Prince and ruler, in the fifteenth century, of the Taman peninsula on the east coast of the Black Sea; descendant of Simeone de Guizolfi, a Genoese Jew, who, by marriage with Princess Bikhakhanim and under the protection of the Genoese republic, became ruler of the peninsula in 1419.

Beset by the Turks in 1482, Guizolfi and his Circassian subjects were compelled to retire from his stronghold Matriga (Taman), and sought refuge on the island of Matrice, whence (Aug. 12) he informed the directors of the Bank of St. George in Genoa of his position, and called for 1,000 ducats with which to retain the friendship of his allies, the Goths, who had exhausted his resources; he stated that unless he received the support of the republic he would remove to Wallachia, where the waywode Stefan had offered him a castle.

Notwithstanding the fact that the Turks had captured Tana (Azov) and most of the settlements in Chazaria, Guizolfi continued the war from Matrice, but with only a small measure of success. Learning that he had expressed a desire to come to Russia, and glad of an opportunity to attract the Circassians, the czar Ivan III., Vassilivich, directed Nozdrovaty, his ambassador to the Tatar khan Mengli Girei, to forward a message "sealed with the gold seal" to Zacharias (Skariya) the Jew, at Kaffa. This message, dated March 14, 1484, and forwardedby Luka and Prince Vasili, both court dignitaries, reads as follows:

("Sbornik Imperatorskavo Ruskavo Istoricheskavo Obschestva," xli. 40. For a second message, dated Oct. 18, 1487, see ib. p. 71).

"By the grace of God the great ruler of the Russian country, the Grand Duke Ivan Vassilivich, Czar of all the Russias, . . . to Zacharias the Hebrew.

"You have written to us through Gabriel Petrov, our guest, that you desire to come to us. It is our wish that you do so. When you are with us we will give you evidence of our favorable disposition toward you. If you wish to serve us, our desire will be to confer distinction upon you; but should you not wish to remain with us and prefer to return to your own country, you shall be free to go"

From a despatch in Latin dated Conario on the Kuban, June 8, 1487, and signed "Zachariah Guigursis," it is clear that Guizolfi, intending to accept the czar's hospitality, started for Russia, but while on the way was robbed and tortured by Stefan, the waywode of Moldavia, and returned home. Notwithstanding this experience, Guizolfi and his men declared themselves ready to join the czar provided that guides were furnished them. Replying to this despatch, March 18, 1488, the czar repeated his invitation, and informed Guizolfi that he had notified Dmitri Shein, his ambassador at the Crimean court, that he had requested Mengli Girei to send to Tscherkassy two men to guide Guizolfi to Moscow. He directed Shein to add to this number a Tatar from his own suite.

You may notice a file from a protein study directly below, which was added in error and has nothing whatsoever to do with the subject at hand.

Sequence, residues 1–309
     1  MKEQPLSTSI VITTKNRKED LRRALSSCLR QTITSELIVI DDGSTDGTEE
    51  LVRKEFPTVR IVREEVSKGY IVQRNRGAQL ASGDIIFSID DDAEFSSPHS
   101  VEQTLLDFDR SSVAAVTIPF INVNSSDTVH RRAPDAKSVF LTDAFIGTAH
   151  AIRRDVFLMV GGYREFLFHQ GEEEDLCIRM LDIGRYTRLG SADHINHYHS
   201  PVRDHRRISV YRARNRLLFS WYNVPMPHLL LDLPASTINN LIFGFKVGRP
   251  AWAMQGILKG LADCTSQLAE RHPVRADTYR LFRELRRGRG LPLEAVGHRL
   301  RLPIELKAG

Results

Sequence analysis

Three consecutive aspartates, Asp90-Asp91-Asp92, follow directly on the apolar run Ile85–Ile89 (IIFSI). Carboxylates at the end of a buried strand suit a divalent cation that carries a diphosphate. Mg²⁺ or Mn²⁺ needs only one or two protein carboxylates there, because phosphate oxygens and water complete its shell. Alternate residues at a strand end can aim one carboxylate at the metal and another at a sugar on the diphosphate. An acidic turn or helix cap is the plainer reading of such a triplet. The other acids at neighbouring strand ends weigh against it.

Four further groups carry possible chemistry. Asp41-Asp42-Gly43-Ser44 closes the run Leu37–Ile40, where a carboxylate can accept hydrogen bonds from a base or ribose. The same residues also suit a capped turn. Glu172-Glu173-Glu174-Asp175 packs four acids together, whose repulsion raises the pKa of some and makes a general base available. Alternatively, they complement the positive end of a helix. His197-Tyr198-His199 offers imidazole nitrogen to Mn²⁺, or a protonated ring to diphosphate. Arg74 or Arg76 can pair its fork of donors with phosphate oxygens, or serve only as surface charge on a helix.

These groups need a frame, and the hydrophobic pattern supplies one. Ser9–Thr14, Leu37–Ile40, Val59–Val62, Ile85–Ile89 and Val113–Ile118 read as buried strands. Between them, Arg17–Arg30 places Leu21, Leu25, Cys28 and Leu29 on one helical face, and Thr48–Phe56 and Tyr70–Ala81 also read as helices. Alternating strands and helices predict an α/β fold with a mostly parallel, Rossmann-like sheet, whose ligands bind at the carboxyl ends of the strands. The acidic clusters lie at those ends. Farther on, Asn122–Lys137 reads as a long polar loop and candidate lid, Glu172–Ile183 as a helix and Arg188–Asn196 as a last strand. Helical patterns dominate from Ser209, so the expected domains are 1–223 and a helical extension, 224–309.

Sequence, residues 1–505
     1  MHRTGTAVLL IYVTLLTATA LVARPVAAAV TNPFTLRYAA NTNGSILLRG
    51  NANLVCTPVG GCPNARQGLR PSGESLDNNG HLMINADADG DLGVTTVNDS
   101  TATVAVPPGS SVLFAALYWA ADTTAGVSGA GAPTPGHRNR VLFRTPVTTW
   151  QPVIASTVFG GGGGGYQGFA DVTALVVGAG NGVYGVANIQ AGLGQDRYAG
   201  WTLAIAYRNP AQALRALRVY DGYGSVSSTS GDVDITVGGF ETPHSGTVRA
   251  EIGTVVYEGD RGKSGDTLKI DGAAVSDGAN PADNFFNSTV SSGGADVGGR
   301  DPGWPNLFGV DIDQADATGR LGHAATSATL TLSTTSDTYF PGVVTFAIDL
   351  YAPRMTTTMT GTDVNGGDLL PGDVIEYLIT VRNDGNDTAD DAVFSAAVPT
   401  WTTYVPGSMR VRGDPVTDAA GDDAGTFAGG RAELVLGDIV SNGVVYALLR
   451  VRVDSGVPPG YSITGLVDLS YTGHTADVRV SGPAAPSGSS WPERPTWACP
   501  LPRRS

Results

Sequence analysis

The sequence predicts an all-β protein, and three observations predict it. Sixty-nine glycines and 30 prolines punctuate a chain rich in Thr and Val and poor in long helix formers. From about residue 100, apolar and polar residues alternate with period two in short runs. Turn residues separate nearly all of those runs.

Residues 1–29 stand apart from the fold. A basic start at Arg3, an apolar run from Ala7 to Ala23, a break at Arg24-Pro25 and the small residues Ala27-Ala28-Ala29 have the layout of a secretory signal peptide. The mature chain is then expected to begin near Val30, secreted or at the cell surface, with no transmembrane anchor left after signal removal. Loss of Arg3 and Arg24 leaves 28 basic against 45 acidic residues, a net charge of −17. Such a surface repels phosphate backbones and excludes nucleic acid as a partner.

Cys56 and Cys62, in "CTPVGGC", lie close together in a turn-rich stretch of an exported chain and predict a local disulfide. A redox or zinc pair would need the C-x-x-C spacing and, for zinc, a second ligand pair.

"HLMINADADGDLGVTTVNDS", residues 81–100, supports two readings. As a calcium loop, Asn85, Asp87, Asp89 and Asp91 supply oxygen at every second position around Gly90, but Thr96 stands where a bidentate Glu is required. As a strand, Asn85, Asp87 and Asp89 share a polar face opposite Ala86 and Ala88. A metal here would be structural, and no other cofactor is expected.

Several years passed before guides were sent, but in the spring of 1496 they reached the mouth of the Miyusha and Taigana rivers, where Guizolfi was to meet them four weeks after Easter. It had been arranged that in the event of either party reaching the rendezvous before the other, the first should wait until Whitsuntide, and if need be until Peter and Paul's Day. The guides waited until St. Nicholas' Day (Dec. 6), when they learned that Guizolfi was unable to advance on account of disturbances among his people, for "the man Zacharias is substantial, his family is great, and probably it is difficult to induce them to move." In his report to the czar the Crimean ambassador declares that, out of friendship for his royal master, the khan Mengli Girei would take Guizolfi under his protection, but fear she dare not do so, since Guizolfi has antagonized the Turks, who are the khan's protectors (ib. pp. 77-114).

From subsequent events it is evident that Guizolfi entered the service of the khan, for further negotiations were carried on, and in April, 1500, the czar, instructing his ambassador, refers to Guizolfi as "Zacharias the Fryazin [i.e., "the Italian"], who had lived in Circassia and is now in the service of Mengli Girei, but who never reached Russia" (ib. p. 309).

The czar's repeated invitations to Guizolfi seem to indicate that he hoped the latter's services would be valuable to him in extending Russian influence on the Black Sea. Yet it is strange that during a period of more than eighteen years Guizolfi did not succeed in reaching Russia. Whether the fact that Guizolfi was a Jew had anything to do with the impediments put in his way, it is difficult to ascertain, for no mention of him is to be found in Jewish writings. The different spellings of Zachariah's name in Italian and Russian documents—"Guizolfi," "Guigursis," and "Guilgursis"—may be attributed to errors of the Russian scribes.

  • In addition to the works cited in the article, Atti della Società Ligure di Storia Patria, iv. 127, 128, Genoa, 1866;
  • Löwe, Die Reste der Germanen am Schwarzen Meere, pp. 42, 86, 89, Halle, 1896;
  • Sbornik Gosudarstvennykh Gramot i Dogovorov, ii. 24.
H. R.
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